Pvt health players get Mamata dressing down for overcharging
The West Bengal government on Wednesday said it has decided to set up a Health Regulatory Commission to monitor the functioning of private hospitals and nursing homes in and around the city.
The decision to form the Commission was taken following complaints of alleged over-charging of patients and negligence in their treatment.
Chief Minister Mamata Banerjee announced this after over an hour-long meeting with the representatives of top private hospitals and nursing homes situated in and around the city.
"We have decided to set up a West Bengal Health Regulatory Commission which will be monitoring the billing and performance of private hospitals and nursing homes," she said.
The meeting was called by Banerjee, who is also the Health Minister, after a number of complaints poured in at the health department from different sections, including top leaders and MLAs, alleging that private hospitals and nursing homes were charging patients exorbitantly and negligent in the treatment.
A bill in this regard would be placed in the Assembly on March 3 during the next session, Banerjee also announced.
The Commission will have 10-members, comprising a former chief justice, health experts, principal secretary of the Health Department, representatives of hospitals and patients, who are the consumers, Banerjee said.
The regulatory commission will submit its report to the chief minister every month, she added.
The state was already planning to amend the West Bengal Clinical Act, the Chief Minister said, adding it should be made "strong" and the amendment would be brought on March 3 in the Assembly.
"People must keep this in mind that the state government will extend full support to those doing good work but it will take action against those who are not performing well," she said.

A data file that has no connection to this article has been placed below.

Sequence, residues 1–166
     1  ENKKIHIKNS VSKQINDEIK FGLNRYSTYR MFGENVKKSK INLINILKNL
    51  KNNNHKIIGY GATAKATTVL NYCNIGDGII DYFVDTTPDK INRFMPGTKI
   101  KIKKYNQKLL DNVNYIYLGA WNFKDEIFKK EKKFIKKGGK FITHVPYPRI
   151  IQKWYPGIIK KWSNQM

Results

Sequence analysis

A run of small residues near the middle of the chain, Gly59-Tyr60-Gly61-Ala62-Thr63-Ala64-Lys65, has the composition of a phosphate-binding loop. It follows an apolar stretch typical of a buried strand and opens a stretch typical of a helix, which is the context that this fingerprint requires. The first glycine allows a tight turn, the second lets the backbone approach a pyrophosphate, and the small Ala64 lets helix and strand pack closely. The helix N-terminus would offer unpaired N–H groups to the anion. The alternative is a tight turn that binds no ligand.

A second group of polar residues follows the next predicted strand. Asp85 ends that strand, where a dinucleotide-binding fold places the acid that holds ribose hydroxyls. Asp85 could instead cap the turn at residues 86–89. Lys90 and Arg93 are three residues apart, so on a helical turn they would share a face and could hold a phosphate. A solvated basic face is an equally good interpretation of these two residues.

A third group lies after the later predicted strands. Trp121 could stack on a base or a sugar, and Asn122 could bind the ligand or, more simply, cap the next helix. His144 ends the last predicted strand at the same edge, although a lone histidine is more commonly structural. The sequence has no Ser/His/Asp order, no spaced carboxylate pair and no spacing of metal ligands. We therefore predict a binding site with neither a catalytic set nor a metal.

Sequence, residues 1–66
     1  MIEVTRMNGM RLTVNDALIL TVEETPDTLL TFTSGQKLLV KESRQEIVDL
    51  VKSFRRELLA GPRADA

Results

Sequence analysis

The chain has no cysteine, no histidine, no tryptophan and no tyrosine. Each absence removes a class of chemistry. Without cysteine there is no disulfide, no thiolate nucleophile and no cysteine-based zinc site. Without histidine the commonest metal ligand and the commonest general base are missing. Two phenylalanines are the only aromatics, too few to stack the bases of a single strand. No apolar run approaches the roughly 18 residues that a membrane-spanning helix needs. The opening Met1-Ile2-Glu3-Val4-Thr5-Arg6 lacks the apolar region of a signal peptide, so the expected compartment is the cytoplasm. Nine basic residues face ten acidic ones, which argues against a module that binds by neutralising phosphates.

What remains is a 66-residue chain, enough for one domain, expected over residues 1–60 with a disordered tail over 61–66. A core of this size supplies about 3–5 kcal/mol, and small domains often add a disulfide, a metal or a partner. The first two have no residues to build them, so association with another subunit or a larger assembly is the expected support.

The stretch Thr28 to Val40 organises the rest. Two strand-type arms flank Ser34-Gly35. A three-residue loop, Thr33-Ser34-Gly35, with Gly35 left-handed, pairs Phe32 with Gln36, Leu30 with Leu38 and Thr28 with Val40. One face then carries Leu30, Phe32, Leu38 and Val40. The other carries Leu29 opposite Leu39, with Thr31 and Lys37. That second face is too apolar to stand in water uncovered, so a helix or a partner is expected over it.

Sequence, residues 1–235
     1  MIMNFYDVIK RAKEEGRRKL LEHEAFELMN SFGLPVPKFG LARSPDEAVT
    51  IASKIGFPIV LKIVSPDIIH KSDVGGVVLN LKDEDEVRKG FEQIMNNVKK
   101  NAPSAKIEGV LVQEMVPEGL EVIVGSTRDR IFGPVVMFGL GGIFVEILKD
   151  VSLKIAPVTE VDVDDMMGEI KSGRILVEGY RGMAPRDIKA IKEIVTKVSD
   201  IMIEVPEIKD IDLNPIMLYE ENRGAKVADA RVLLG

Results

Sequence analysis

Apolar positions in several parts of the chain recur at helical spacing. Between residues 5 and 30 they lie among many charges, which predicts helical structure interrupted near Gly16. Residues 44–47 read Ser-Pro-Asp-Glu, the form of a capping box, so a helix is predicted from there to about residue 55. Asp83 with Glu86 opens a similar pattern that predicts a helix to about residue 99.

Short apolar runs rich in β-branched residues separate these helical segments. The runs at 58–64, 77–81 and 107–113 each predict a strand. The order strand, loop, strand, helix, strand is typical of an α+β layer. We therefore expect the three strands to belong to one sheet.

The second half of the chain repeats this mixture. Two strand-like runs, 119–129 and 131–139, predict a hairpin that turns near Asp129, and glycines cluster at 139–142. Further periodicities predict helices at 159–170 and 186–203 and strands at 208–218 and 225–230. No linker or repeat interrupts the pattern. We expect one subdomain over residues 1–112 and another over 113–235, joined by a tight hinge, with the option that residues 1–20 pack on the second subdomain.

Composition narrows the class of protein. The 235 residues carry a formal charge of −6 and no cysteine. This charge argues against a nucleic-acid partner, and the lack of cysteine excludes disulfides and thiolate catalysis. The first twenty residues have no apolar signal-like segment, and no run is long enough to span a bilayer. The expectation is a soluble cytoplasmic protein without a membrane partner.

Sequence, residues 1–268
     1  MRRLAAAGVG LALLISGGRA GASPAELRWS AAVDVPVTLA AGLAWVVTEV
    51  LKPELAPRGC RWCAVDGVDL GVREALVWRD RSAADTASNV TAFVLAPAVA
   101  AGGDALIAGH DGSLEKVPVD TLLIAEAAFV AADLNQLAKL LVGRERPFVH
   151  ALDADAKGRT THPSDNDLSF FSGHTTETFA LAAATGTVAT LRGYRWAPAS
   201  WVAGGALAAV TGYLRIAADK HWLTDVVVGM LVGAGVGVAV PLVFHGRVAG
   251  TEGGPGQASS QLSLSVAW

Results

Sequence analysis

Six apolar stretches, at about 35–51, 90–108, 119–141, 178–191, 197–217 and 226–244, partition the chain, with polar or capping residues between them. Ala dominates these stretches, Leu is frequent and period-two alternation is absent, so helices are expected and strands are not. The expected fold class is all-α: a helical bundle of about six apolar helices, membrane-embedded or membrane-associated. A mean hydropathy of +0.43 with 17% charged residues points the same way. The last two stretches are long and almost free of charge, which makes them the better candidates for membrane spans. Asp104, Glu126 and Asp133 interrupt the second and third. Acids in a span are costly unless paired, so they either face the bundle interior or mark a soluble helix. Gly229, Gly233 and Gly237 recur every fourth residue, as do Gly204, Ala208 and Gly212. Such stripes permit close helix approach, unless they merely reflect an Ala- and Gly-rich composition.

In the meeting, Banerjee also pulled up the representatives of top private medical facilities and held them responsible for charging patients excessively, negligence in treatment, keeping patients in ICUs and on ventilators for long periods without justification and not releasing dead bodies if the bills were not settled.
Banerjee said that she was going through a report of a survey conducted by the Assembly on registered medical facilities in the state out of which 370 were from the city.
"The survey was conducted on 942 nursing homes and 70 of them were served show-cause notices. Licences of 33 were cancelled. We have received complaints of negligence by the private hospitals and they were established," she said.
"Hospitals here are charging exorbitantly. Why will that happen? Treatment of patients is not a business. It cannot even try to derive full profit from it. You have to look at it from a humanitarian ground," she observed.
Bringing in transparency in the billing system and initiating a e-record and e-prescription for patients by private hospitals and nursing homes was a must and they should not refuse treatment to patients arriving in emergency units.
Hospital and nursing home authorities should not hold on to dead bodies of patients because bills were not settled, she said, adding that ventilation of a patient will be done following the protocol besides initiating a e-record of patients.
She also warned that child trafficking rackets would be finished and would not allow kidney-sale rackets to thrive in the state.
"Hospitals must follow the Organ Transplant Act. I am not going to allow any child trafficking racket or kidney-sale racket operate from here," she said. She advised private hospitals and nursing homes to set up fair price medical stores as well as diagnostic centres to cater to people with poor economic background.
The chief minister disapproved of the tendency to destroy public and private properties during riots, unrest or violent political movements and referred the West Bengal Maintenance of Public order (amendment) Bill 2017 to deal with it.
She also said that people indulging in vandalism during riots or agitations would have to compensate for the damage to property.